Alzheimer’s has dimmed his memory and some of his speed, but not his smile. Full of life, Howard Oscar Gilcrease is known for his quick-wit and joyful nature. According to his son-in-law, Kevin Dutra, “there’s never a dull moment.”
Howard was born on January 13, 1918 in Joyce, Louisiana. He developed a love for the Navy at an early age, seeing navy men around the docks at New Orleans shipyards where his uncle worked. In 1935, at 17, he enlisted. A year later, he was on his way to Norfolk Training Center in Virginia, a member of Platoon 58.
His first assignment was as a ship’s cook on the U.S.S. Marblehead in 1937. It was here that Howard got his first taste of war as they sailed on the Huangpu River through a battle between the Japanese and the Chinese. He still remembers the harrowing sight of bodies floating on the river.
While on leave after Marblehead, Howard dozed off on a train to Fort Worth. As he slept, a young girl, Doris Marie Story, quietly painted his fingernails. They remained close as Howard’s service continued, and he moved up in the ranks. The couple finally married on December 5, 1941.
Just two days later, Pearl Harbor unfolded, devastating the nation. One of Howard’s former ships, the U.S.S California, sank that day. Howard reported for duty and was shipped off as part of the Pacific Fleet. From June 1943 to December 1944, Howard was Chief Commissary Officer in amphibious forces, South Pacific. He established large galleys and mess halls on Russell and Green Islands, feeding approximately 3,100 personnel.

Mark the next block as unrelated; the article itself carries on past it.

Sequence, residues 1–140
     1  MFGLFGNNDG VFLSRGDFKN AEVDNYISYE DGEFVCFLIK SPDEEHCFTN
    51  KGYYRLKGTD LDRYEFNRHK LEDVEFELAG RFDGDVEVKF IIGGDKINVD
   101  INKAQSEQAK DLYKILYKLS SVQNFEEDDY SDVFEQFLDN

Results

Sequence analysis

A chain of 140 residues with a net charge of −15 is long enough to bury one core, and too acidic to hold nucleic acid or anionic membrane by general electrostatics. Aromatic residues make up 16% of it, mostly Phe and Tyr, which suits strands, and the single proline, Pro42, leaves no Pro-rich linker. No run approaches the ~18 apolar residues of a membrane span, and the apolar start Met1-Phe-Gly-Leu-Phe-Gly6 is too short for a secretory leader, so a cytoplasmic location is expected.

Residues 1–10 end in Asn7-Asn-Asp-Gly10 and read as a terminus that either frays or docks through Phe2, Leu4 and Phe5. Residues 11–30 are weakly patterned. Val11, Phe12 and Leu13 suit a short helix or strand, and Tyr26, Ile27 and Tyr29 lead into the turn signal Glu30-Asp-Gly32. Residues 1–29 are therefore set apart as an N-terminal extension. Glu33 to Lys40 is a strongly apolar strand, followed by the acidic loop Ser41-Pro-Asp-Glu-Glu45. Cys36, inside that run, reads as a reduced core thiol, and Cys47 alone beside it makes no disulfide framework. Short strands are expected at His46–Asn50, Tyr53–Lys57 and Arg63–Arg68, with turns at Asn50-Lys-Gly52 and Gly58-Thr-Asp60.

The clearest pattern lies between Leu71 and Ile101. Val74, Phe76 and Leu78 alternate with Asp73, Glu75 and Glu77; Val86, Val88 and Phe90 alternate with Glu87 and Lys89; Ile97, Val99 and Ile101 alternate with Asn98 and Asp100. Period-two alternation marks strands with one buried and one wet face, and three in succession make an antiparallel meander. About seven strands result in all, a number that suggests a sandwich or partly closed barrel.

Howard was honorably discharged from the Navy on March 7, 1957 after 20 years, one month and 13 days of active service. He received countless commendations, decorations and medals, including: Good Conduct, Asiatic-Pacific, American Campaign, American Defense, China Service, Occupation Service and a World War II Victory Medal. He continued his active involvement in civil service and reserves until 1982 when finally, he retired for good.
On October 17, the Susannah Biggers Bibb Chapter NSDAR, Plano Chapter honored Howard for his military service by presenting him with a yard sign declaring him a proud WWII and Korean War veteran.
“He’s still caring, still compassionate,” said son-in-law Kevin. “Although Alzheimer’s has taken much of his memory, Howard still retains the integrity and strength of character he gained while in the Navy.”
Howard is the proud father of four daughters and has 11 grandchildren and nine great-grandchildren. He lives a quiet life with his youngest daughter and his son-in-law in Plano and will turn 99 this January.
For more on Plano’s veterans, visit the virtual edition of our November 2016 issue.